The number of listings available for local lodging grew by 385% since the new law came into effect in November 2014, according to a report by AHP (the Hotel Association of Portugal). At that time, just 6,000 properties were registered for short-term stays. Today, that figure has multiplied to 29,000.
The assembly of a Lisbon condominium prohibited local lodging activity in its building. The fraction in question was intended for residential housing but was being used for commercial purposes. Numerous problems gave rise to complaints. Loss of privacy in common areas, excessive noise at night and poor use of the pool were some of the problems. The decision was upheld by the Lisbon Court of Appeals.
Starting in 2017, the Portuguese Tax Authority (“AT) is making available Automatic IRS Reporting to over one million taxpayers in Portugal. The change is part of “Simplex”, a programme designed to reduce bureaucracy at all levels of government.
Americans with financial accounts outside the United States should be careful to report it. Foreign financial accounts are high on the I.R.S. scrutiny list. Failure to disclose foreign accounts can be penalized severely. This includes people who inherited assets overseas as well as those who lived and worked abroad.
FinCEN Form 114, the Report of Foreign Bank and Financial Accounts is used for holdings of $10,000 or more and is filed electronically with the Treasury. Form 8938, which attachs to Form 1040, is used in more complex situations with $50,000 or more.
The Swedish Finance Minister, Magdalena Andersson, expressed dismay regarding the Non Habitual Residence regime that offers a 10-year tax holiday to newly arrived foreign pensioners in Portugal. “If they move to Portugal because they like fado or green wine or because they love the weather, then they should be able to do so. But if they move just to avoid paying taxes, then I think they should look in the mirror and think twice before making that decision” . . . “People must pay taxes either in Portugal or Sweden.”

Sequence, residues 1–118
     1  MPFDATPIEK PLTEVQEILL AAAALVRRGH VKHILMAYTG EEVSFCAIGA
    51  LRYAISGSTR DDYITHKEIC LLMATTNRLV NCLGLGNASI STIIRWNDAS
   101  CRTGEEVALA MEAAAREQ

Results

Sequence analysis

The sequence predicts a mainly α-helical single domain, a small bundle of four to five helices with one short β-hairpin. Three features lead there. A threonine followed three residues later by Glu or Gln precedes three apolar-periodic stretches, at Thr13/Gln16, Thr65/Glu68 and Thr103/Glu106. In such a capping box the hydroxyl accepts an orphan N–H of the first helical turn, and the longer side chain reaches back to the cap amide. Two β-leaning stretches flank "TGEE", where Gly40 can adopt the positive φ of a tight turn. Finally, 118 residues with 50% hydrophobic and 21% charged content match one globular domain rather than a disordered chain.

This prompted Portuguese Minister of Finance, Mário Centeno, to promise to “take measures” to reframe tax benefits that are granted to foreign citizens residing in Portugal noting that the case of Swedish pensioners is not unique. Other countries have also voiced objections to the Portuguese “tax holiday”.
Currently, more than 2.3 million Portuguese live abroad or 22% of the population. After Malta, Portugal is the European country with most emigrants. In 2015, the latest year of available statistics, the main destination was the United Kingdom with 32,301 Portuguese entries, followed by France with 18,480, and Switzerland with 12,325. Moves to Germany numbered 9195 and Angola 6715.
Life expectancy continues to rise in developed countries and in some of them, to over 90 years old according to a study published in the journal of medical science “The Lancet “. The investigators estimated how many more years a 65-year-old would live in 2030 and found that women would reach an average of 24 more years (to 89) in 11 of 35 countries and men 20 years in 22 countries (to 87 years-of-age).
Automatic IRS Reporting kicks off this year and should reach one third of Portuguese families. Next year, this measure will be extended to a majority of national taxpayers. Piggy-backed to this automation will be quicker tax refunds which should be processed in as little as a fortnight. Despite new international information sharing (“Common Reporting Standard”), those with income from abroad will continue to declare as before.
There are more houses being sold today but high prices in central urban areas are pushing buyers out to the suburbs. Simultaneously, rentals are in decline. Letting accounted for 60% of real estate activity at the height of the crisis but has fallen sharply in the last two years. In 2016, lets accounted for just 25% of housing turnovers.
Those who live and work in Lisbon like tourists who visit the Portuguese capital. More than 90% of the population favours the presence of tourists. In addition, the contribution of tourism to the economic activity of the Lisbon Region is significant. In 2015 it amounted to 8.4 billion euros, corresponding to an average annual growth of 8% over the previous 10 years according to a survey by Intercampus and Deloitte Studies.